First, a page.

In recent years, DNA analysis has grabbed the nation’s imagination, delivering justice to hundreds of murderers and rapists — and freeing the occasional innocent inmate. Soon, though, it may be put to the less sexy task of putting burglars and car thieves behind bars, reports the Seattle Post-Intelligencer. Researchers say they’ve shown DNA analysis could revolutionize property crime investigation, bringing the technology’s benefits to far more people than are touched by headline-grabbing violence.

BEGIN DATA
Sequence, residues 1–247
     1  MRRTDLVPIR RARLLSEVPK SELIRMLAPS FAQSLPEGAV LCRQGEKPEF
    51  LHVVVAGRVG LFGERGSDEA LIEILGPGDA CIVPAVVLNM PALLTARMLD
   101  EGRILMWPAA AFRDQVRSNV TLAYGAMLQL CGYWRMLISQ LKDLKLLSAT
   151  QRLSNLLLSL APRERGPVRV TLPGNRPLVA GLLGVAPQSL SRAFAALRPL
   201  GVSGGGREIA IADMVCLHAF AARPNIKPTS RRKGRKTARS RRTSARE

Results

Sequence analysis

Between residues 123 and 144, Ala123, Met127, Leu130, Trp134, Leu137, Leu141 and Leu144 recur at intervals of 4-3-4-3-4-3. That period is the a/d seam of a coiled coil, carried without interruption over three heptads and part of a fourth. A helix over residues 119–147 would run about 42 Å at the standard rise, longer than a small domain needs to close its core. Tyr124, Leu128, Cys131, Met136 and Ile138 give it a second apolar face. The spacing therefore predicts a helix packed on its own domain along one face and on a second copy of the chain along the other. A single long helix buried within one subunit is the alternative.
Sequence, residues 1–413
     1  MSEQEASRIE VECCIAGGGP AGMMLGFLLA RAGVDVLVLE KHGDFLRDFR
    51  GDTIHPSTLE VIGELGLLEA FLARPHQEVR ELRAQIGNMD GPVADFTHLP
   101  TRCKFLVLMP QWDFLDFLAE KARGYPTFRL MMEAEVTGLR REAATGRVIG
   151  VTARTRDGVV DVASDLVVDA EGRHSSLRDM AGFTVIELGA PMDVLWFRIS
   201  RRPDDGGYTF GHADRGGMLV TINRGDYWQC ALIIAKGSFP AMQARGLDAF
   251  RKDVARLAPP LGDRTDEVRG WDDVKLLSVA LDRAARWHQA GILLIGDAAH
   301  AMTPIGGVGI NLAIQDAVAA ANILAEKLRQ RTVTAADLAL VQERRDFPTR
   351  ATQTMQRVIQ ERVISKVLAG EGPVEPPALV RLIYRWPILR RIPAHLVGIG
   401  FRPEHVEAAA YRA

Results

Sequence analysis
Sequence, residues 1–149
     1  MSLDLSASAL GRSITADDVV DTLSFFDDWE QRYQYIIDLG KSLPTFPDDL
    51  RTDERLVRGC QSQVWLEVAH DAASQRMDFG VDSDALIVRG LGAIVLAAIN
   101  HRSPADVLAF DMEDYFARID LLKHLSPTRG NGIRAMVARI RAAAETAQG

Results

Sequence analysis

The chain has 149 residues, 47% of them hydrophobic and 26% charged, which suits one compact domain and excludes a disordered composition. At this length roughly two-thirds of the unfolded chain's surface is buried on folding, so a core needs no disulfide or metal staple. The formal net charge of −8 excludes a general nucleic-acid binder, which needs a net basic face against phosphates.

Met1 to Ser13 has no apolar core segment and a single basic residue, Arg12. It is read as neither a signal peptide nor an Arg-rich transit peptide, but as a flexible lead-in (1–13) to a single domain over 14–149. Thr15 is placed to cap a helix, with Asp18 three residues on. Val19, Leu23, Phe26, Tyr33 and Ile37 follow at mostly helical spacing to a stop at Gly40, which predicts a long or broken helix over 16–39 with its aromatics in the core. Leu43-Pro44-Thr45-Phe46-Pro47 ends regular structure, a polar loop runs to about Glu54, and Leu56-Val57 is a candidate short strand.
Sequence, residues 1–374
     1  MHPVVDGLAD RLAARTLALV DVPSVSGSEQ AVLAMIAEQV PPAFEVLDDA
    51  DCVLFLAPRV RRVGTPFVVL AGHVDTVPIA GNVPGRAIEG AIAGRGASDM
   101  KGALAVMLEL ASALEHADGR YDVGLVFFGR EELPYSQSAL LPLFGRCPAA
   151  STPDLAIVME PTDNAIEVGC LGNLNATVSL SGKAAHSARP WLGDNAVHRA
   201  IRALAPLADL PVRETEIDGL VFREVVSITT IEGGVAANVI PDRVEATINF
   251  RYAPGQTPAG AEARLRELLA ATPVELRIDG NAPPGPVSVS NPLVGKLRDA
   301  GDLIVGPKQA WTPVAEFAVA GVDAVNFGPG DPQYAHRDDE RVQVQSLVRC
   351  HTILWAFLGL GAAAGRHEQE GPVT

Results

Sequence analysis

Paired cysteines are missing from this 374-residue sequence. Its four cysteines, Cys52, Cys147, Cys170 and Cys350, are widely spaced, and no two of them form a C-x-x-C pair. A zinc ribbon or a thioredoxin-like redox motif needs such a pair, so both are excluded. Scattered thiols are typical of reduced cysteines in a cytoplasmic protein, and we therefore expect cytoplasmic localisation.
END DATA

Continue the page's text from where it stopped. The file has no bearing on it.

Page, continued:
Arrest rates for burglaries and car prowls more than doubled when detectives used DNA-matching technology, according to a study by the Urban Institute’s Justice Policy Center. That change in arrest rate — from 12 percent to 31 percent — meant greater risk for criminals, which could have an even greater deterrent effect. “The use of DNA is going to cause a revolution in policing,” said John Roman, an Urban Institute economist and lead author of the study. “As a society, we’re going to have to decide whether to make a substantial investment to use this evidence in investigation.” That investment, on average, is $14,169 per arrest in the five cities where police used DNA testing during the study, Roman said. Not included in that cost is the expense of prosecuting or incarcerating property criminals who would otherwise go free.